Net primary productivity, upwelling and coastal currents in the Gulf of Ulloa, Baja California, México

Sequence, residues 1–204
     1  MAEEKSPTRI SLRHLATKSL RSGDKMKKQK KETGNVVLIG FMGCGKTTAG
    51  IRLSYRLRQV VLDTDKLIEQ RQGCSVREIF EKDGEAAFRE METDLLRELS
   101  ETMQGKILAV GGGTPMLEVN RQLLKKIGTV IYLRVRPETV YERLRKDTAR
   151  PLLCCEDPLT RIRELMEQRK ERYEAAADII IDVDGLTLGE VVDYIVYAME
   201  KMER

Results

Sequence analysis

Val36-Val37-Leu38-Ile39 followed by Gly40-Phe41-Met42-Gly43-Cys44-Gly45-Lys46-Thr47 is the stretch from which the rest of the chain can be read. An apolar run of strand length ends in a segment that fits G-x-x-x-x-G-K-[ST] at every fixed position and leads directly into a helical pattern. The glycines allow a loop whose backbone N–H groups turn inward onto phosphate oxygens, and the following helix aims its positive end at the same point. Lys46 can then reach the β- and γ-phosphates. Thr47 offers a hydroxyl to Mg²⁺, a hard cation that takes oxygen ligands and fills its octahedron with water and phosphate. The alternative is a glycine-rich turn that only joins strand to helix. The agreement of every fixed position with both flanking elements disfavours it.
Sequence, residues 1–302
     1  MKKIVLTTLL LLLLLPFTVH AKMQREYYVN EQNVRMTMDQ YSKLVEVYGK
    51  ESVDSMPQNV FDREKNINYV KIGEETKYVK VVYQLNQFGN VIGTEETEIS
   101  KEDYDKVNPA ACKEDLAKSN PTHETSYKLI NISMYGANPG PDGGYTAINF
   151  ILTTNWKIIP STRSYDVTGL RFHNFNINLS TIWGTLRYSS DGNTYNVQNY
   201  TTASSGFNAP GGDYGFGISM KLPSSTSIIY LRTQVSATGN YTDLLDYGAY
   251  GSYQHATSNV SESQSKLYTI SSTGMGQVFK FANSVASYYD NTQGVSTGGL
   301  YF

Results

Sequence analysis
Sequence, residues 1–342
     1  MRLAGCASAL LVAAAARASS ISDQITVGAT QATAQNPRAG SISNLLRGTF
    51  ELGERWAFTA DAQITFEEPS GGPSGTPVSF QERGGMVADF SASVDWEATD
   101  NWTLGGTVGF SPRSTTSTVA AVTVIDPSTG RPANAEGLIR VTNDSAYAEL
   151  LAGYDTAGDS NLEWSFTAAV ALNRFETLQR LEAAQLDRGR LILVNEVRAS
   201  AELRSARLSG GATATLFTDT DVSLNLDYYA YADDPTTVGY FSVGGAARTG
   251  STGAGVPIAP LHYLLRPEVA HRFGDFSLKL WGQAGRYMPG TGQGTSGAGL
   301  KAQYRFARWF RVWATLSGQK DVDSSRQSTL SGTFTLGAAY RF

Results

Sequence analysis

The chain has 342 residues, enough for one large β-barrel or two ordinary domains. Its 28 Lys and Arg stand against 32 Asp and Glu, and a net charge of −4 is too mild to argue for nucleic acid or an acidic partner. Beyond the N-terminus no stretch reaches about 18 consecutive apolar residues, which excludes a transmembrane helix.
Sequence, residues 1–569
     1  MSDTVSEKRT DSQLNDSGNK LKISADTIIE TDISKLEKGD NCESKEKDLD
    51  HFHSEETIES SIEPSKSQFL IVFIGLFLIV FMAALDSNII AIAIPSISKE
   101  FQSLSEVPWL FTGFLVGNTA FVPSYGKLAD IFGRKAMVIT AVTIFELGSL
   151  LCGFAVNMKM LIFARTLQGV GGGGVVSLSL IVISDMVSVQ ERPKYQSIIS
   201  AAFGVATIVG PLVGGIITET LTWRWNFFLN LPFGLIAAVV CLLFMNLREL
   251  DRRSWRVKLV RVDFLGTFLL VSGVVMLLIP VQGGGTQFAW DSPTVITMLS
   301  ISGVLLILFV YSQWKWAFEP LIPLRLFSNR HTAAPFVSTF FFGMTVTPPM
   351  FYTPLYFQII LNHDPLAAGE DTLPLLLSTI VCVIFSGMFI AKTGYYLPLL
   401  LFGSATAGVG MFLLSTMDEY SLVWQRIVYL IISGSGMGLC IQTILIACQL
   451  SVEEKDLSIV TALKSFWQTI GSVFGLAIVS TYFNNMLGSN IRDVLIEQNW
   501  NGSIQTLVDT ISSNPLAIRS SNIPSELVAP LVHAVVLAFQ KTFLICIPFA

The Gulf of Ulloa, a highly productive area off the western coast of the Baja California Peninsula, is examined for five successive years (2003–2007) by using satellite data and seasonal net primary productivity (NPP) estimates obtained from a vertical generalised production model. The results identify that northwestern winds blow parallel to the coast throughout the year. However, highest NPP occurs from March to June. During this period, an equatorward coastal current transports water from neighbouring upwelling areas to the northern Gulf of Ulloa and in combination with local upwelling, which injects nutrients into the euphotic zone, produce the observed increase in NPP. The opposite situation occurs in late summer when a warm poleward current of tropical characteristics arrives and inhibits the productivity in the whole region and generates the yearly lowest NPP levels. Our findings reveal the importance of lateral advection in the modulation of the primary productivity in this subtropical upwelling region.